I will start with the question of democracy. We hear all the time that our powers are being taken by the EU and that too many of our laws made there, although there seems to be little agreement on what proportion of our laws are set by the EU. We elect MEPs, and these MEPs pass laws in Europe just as national MPs do in Westminster, so there is a level of democracy, although how democratic the system is is disputed. However, one reason for the poor perception of the EU’s democratic status is that there isn’t the same media coverage for the European Parliament as there is for the national Parliament. So if our powers are silently slipping away, the media have to take their part of the blame for this. MEPs are elected and then disappear into this black box. Obviously some MEPs, such as Nigel Farage, do get media coverage, but not for what they do in the European Parliament. If there were more media coverage of what went on in the European Parliament, then the public’s views on the EU would be more informed and we would be able to see it for what it is, without everyone individually having to do their own research or make baseless speculations.

Then there is the question of immigration. We hear the economic argument for immigration. But increasing the size of the economy or even the average wealth per person doesn’t mean that everyone individually gains from this, and if those who lose out are already the poorer members of society, then this isn’t something that can’t simply be ignored.

For example, many British workers are concerned that there are fewer jobs available for them because the jobs are going to immigrants, partly because they work for lower wages. Most of those that would consider themselves to be affected are lower paid workers, who are already marginalized by the inequality that we have in our society, (I have discussed inequality here and here), so if the country worked towards having a more equal society generally with a properly enforced higher minimum wage, we should be able to improve this situation without having to place further limits on immigration.

There is still a legitimate question over how much immigration is good for the country. If there is no limit, then that would be an argument to open the borders to people from all countries, which I don’t think many people would agree with. Otherwise there must be a point where more immigration would be bad for the country, and there’s no reason to suggest that the optimum amount ties in with the amount we get from other EU countries. So clearly it is overly simplistic to just argue that unconstrained EU migration is a good thing on the basis that immigration is good for the country.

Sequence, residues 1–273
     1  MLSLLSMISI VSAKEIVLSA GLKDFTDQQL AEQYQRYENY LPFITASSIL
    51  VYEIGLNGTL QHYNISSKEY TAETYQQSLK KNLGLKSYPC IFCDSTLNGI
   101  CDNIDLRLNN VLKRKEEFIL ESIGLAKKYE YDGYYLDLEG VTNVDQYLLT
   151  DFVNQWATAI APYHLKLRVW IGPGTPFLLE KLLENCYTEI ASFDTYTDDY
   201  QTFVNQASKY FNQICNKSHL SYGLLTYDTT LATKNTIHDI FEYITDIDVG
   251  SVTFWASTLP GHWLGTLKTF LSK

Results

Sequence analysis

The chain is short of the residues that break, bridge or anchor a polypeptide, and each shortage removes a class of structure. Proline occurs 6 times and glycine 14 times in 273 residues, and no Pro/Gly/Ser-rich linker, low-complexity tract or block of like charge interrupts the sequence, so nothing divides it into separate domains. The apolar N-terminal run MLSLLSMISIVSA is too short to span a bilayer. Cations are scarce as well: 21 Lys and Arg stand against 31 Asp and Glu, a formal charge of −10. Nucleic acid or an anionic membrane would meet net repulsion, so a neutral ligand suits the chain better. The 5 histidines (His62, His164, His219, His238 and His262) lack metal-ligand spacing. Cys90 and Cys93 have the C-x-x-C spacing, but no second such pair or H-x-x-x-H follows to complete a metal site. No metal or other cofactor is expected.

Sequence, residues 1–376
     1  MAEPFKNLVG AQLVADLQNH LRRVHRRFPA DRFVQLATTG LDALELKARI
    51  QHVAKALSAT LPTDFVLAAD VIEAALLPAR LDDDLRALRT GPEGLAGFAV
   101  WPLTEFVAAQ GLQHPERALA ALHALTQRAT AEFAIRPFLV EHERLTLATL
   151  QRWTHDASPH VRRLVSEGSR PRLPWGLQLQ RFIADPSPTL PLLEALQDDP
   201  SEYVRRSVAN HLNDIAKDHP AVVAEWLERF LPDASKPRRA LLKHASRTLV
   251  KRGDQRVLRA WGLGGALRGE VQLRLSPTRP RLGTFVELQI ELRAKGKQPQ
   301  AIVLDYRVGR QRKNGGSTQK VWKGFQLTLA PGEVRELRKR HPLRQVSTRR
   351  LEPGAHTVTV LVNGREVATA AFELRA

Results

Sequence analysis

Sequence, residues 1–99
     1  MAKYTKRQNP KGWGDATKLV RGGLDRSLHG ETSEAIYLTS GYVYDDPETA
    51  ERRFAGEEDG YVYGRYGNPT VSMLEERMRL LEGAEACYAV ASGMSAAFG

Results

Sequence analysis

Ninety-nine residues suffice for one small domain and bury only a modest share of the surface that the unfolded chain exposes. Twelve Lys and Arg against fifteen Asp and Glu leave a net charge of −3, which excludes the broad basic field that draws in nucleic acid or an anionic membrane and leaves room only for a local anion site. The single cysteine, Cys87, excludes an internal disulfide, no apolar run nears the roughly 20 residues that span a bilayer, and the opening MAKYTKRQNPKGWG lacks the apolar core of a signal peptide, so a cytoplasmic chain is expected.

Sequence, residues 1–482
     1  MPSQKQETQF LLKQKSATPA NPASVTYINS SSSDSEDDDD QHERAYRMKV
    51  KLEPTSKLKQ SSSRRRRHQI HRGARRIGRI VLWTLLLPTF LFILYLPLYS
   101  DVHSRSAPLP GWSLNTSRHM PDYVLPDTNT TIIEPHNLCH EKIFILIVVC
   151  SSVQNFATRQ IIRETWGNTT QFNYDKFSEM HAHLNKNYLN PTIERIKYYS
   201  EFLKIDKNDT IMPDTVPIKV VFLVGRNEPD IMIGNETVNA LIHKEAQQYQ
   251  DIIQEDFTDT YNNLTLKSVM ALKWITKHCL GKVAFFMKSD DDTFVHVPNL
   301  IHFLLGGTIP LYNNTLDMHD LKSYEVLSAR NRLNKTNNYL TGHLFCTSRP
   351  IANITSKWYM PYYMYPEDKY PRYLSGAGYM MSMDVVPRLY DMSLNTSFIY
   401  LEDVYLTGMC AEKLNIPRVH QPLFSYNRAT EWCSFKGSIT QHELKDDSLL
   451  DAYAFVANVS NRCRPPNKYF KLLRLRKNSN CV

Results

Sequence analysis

Having said that, I think any talk of a population crisis is premature. But population increase generally, whether through net immigration or the birth rate being higher than the death rate, needs to be properly managed, through improvements in infrastructure and building more houses. Everyone needs affordable accommodation.

One argument for more controlled immigration is that we should be able to just take the “brightest and best” from other countries. But a lot of the countries that these people would come from are much poorer than the UK, so this could create a “brain drain” and cause these countries to suffer, and could delay their development as nations. We shouldn’t just be looking at the selfish interests of our own country. We should want to be part of the wider international community where we look out for each other’s interests. Immigration shouldn’t be about poaching talent from other countries and leaving them to suffer the consequences.

This is not to say that skilled workers should not be allowed to emigrate from poorer countries. But their ability to do so could be offset by better incentives for people to help out in poorer countries, to develop their infrastructure and provide vital services. Many people come to the UK because conditions are better than in their country. If there were more international cooperation to enable all countries to reach higher standards of living, it would help everyone out, and migration between countries would then become more balanced. I think this would be a better long-term approach than to leave the EU for good because of the 2014 levels of immigration.

We also get a warped sense of perspective of the EU and in particular of immigration from the overexposure of Nigel Farage and UKIP in the UK media, including on the supposedly neutral BBC. People’s views are formed in part by what is in the papers and on television. The rise of UKIP isn’t simply a response to the public’s views; their level of media coverage has turned many people against the EU and immigration, and it’s hard to see what justifies the level of coverage that they’ve received. In contrast to UKIP, the Green Party receives relatively very little media coverage despite having an MP (unlike UKIP) and also having MEPs, albeit not as many as UKIP.

International cooperation is clearly a good thing, but is the European Union the right institution to provide this? Well, I think the name is limiting because I think international cooperation should be encouraged to grow globally and ultimately shouldn’t be dependent on location. But that’s not to say we should throw away the EU based on its current name. It should ultimately be open to all countries that fit the relevant criteria and be open to a name change at some point.

I’m not going to get into the details of what all the relevant criteria are, but EU countries are subject to all sorts of regulations and this is seen as undemocratic, and this is one reason why some people want the UK to leave. We need to look in detail at exactly which regulations are required for the continued functioning of the EU. Arguably the EU is too undemocratic at the moment and has more powers than it strictly needs to over countries’ laws, but these are areas that could be reformed. International cooperation on matters such as climate change and global inequality is very important, and the EU is a very good starting point for this. It might not be perfect, but it’s better to work from this platform than to start again with our international relationship with individual European countries from scratch.

I’m not going to discuss the pros and cons of every party, but I think the Green Party probably takes the most reasonable stance on Europe of the main parties. It is in favour of staying in the EU while acknowledging that there are changes that need to be made, and they support a referendum on our continued membership. If I were to give my support to any party in the European election, it would be the Green Party.